I've had a series of 10 personal moving experiences in New Orleans in the last 20 years. I'm not talking about dancing steps, psychic breakthroughs, or intestinal functions; I'm talking about the whole relocating "pilot experience" of pick it up here, pile it there. Granted, the moves were from not only my living quarters, but from my brick-and-mortar shops as well. In both cases, in a word, it sucks. Angrily, I threatened with this last move that if there is a next time, in another insultingly short stretch of inhabitational tenure, I'm gonna pack the wife and critters in the car and drive out of town, leaving everything that we own for the termites and the trash men. I am tired of being pushed around by the Fates and Furies. I'll move to Gretna and begin life over again as a virgin.
No matter how good the relationship you have with your landlord is, it's still a tenuous situation, at best. Only one move was made voluntarily; the rest have been a case of my being forced out against my will, either by monetary demands or uninhabitable living conditions. Moving in, moving out, moving in, moving out, moving in—it's enough to drive a person sober.
Money situations, in general, occur when landlords believe they can get more rent than you've contracted with them. The conversation amounts to being told "either pay the increase or move." Generally, these increases are structured to get you out or misuse you financially like a redheaded stepchild (am I allowed to say that?).
The living conditions that may force you out are generally caused by a landlord who is more concerned with taking your money than with reciprocating by conducting logical, necessary maintenance of their property. That can include everything from inadequate protection from the elements (leaking ceilings, faulty plumbing) to a lack of protection from other invasive life forms (roaches, frogs, rodents), all falling under the expansive category of "demolition by neglect." It boggles the mind how landlords can rent out properties and then turn their backs on them; conversely, it's a darn shame that tenants have been conditioned, telling themselves, "If I complain about needing something fixed, they'll either raise my rent or throw me out," which is very warranted. My personal philosophy is to pay the rent on time and contact the landlord as little as possible (like never).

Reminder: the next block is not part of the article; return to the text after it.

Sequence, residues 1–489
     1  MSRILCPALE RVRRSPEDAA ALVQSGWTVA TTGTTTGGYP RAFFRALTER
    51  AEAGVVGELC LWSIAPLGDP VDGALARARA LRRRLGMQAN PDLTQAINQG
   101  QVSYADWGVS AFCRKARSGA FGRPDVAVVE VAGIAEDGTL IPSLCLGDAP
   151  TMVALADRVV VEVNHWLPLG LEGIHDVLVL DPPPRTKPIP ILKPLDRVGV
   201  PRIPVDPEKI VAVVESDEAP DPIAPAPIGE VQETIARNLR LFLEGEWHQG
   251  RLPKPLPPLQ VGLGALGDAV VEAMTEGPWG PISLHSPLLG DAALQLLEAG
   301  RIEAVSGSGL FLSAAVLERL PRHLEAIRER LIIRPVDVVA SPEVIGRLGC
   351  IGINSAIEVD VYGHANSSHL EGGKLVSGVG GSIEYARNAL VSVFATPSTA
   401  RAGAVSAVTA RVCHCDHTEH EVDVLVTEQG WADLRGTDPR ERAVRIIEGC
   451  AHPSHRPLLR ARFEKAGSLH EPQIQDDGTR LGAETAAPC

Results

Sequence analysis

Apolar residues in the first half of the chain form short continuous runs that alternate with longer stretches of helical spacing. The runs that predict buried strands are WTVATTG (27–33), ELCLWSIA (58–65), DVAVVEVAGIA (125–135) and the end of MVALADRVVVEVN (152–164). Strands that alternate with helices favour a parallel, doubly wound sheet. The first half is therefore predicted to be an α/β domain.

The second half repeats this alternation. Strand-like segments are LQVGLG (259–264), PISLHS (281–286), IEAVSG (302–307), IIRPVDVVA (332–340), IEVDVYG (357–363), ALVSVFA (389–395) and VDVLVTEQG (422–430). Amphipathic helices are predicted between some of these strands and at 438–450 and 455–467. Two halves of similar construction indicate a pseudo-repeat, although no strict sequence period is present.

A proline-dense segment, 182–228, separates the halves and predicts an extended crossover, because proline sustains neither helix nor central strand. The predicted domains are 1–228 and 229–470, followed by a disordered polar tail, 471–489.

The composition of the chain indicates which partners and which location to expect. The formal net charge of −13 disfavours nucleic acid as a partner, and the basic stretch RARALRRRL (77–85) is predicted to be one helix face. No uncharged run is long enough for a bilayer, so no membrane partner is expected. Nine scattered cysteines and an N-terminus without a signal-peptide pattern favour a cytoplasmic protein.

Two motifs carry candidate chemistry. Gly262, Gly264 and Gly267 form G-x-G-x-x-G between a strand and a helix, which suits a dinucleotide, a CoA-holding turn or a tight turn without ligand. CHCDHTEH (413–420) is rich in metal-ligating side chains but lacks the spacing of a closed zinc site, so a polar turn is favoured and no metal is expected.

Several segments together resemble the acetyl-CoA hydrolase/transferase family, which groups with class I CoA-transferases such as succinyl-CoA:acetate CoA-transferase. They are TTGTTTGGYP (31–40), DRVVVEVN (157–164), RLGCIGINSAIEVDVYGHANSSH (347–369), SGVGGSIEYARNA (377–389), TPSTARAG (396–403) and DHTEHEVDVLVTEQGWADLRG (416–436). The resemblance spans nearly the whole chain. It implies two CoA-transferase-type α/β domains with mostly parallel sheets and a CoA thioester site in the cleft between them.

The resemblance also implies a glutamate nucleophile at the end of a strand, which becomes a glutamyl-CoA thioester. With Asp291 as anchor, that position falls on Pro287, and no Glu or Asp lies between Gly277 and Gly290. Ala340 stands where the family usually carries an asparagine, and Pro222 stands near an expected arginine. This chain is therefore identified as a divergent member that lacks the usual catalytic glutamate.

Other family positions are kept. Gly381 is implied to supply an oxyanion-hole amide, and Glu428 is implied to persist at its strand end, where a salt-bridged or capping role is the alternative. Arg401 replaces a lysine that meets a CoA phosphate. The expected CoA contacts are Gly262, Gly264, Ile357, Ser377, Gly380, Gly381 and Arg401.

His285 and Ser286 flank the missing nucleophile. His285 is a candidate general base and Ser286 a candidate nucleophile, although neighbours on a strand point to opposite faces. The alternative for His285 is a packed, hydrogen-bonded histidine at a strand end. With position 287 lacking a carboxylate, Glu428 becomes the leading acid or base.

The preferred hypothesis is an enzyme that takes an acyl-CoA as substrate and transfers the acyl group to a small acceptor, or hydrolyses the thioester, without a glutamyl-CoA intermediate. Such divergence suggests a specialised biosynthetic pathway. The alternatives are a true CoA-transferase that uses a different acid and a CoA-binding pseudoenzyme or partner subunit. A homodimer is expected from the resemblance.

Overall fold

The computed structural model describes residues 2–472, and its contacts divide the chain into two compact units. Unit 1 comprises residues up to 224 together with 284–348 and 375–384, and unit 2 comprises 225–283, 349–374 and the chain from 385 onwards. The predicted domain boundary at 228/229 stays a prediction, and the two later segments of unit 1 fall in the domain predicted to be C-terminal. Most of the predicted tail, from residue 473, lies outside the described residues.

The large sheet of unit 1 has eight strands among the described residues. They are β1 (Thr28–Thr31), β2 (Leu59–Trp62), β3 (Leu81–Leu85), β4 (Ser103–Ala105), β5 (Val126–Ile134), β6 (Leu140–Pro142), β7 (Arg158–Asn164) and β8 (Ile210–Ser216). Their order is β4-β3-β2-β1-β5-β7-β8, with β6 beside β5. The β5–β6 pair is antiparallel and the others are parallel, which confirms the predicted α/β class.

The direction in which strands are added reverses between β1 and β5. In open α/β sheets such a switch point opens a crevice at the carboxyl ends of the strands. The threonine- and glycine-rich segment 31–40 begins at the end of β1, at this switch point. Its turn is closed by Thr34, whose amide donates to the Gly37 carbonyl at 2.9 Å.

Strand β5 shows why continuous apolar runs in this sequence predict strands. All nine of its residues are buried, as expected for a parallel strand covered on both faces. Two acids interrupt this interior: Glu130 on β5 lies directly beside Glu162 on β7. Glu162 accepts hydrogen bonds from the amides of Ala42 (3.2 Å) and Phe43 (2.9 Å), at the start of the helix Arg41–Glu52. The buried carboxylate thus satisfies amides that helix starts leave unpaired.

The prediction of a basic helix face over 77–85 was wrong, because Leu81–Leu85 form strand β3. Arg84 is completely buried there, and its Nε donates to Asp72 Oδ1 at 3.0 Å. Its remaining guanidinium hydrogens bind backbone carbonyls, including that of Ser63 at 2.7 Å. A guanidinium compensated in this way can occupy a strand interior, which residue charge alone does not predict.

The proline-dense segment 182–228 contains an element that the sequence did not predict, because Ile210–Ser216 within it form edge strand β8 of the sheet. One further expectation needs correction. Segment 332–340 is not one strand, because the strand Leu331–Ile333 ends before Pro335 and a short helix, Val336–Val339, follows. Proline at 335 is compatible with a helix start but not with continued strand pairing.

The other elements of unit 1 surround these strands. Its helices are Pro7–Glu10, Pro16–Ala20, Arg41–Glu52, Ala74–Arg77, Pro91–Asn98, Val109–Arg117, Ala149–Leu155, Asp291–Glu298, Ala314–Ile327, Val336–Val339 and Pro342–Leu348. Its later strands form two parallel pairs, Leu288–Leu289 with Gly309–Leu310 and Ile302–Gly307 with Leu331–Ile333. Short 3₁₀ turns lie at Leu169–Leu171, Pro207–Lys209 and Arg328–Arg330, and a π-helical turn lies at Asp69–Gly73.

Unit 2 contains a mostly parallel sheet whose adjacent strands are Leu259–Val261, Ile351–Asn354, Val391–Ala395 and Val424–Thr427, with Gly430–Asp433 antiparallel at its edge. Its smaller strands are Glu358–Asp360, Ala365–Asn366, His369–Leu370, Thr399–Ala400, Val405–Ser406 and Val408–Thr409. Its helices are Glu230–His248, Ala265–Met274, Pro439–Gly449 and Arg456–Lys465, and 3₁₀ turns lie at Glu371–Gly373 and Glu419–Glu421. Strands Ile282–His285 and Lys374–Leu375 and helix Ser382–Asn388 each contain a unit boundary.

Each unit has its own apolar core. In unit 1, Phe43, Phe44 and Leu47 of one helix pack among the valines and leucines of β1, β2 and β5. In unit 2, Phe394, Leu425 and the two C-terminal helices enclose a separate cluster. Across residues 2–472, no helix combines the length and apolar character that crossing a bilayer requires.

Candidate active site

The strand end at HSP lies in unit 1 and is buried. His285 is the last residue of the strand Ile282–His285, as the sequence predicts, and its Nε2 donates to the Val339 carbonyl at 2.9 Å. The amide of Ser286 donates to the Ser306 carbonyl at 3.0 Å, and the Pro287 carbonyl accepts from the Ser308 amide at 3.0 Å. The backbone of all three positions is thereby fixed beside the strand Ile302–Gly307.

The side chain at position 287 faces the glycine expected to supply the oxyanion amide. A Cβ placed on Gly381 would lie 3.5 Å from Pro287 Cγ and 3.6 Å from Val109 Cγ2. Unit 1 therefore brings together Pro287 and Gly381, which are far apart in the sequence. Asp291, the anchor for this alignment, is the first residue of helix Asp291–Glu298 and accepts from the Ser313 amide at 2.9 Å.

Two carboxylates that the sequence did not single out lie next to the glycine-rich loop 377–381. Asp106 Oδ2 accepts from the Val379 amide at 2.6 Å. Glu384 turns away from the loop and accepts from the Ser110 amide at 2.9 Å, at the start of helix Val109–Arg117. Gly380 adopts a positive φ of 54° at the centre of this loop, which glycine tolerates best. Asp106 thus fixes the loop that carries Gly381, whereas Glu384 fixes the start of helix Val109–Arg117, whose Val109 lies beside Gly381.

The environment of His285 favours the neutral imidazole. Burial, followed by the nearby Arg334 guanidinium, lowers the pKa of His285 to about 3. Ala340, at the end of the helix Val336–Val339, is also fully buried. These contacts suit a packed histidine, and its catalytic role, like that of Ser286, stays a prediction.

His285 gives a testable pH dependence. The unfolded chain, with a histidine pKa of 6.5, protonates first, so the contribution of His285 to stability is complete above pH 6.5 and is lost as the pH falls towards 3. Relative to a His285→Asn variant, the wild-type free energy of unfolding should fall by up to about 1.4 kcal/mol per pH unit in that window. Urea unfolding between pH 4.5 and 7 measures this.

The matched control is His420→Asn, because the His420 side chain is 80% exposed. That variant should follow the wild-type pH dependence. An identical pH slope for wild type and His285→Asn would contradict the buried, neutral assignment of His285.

All of these moves come at most inconvenient times, cost money and time, and cause mental and emotional upsets. It's unsettling and psychologically demoralizing to wake up in the middle of the night to take a leak and have to re-acclimate, recalibrate, and remember in which direction the bathroom of reality, and not memory, lay. Yes, we've recently moved again.
What has become tradition in New Orleans for folks relocating within the parish is that you're ousted from what has become home (for 10 years) by forces beyond your control (termite infestation). What you do is find someplace smaller and more expensive. In our case, we found a lovely place with a terrific landlord (who lives in the other half of the double) in the same neighborhood that we've been living in. So, we've lost our house, but not our neighbors. Win-Win?
So we 'downsized' five rooms into four—five bigger rooms with taller ceilings into four smaller, wonderfully well-maintained rooms. Central air and heat. A washer and dryer of our own. A great place. In the first months, the cats went from bewildered stares to feline "stink eye" glares. The dog kept wanting to go back to our old place. The feral cat that we'd been feeding was discombobulated by our departure, as was the possum that used to visit our porch for evening feedings. All of our yard plantings had to be uprooted or abandoned—not to mention the three cats that are buried in the backyard.
We moved two bedrooms, a desk, a piano, an armoire, the entire kitchen and living room, and 125 banana boxes of "stuff." We looked like a mobile garage sale. Our old furniture looks like a herd of mastodons trying to elbow their way through a Salvation Army shop. Even our car looks like it feels out of place. Four months after our vacating the old place, virtually no work has been done on it; we could have stayed and enjoyed Jazz Fest and Fourth of July as we had done for 10 years, but nooooo. Our mail has not come through, our water bill is somewhere in limbo, and somebody stole our recycling container.
I am in fear that I'm going to be moving for the rest of my life. Free tickets to Paris? "Sorry, I have to wait for the cable guy." A cure for what ails me? A dinner for two in a fine bistro? "Can't tonight, I have to get up early to rent my U-Haul." A friend calls and says, "Let's go fishing!" or "I've got tickets for us to see Beyoncé!" "I'd really like to, but I need to catch the produce guy at Rouse's and beg for some banana boxes, so I can pack." Floods, fires, and the destruction of the city have all precipitated moves already. What's next? Plagues? The overthrow of the government?
Yeah, it's gonna go on forever. I'm gonna miss the zombie apocalypse, the alien invasion, winning the lottery, and the epiphany of our elected officials; I'll be at the bank getting a loan for my security deposit. Years from now, it'll be summer by the beach or the second coming that I'll be missing—I'll be hauling boxes and submitting changes of address for the mail that will never reach me. At least I know one thing for now: Come hell or high water, there's nothing that's gonna chase me out of my city. New Orleans, you're stuck with me!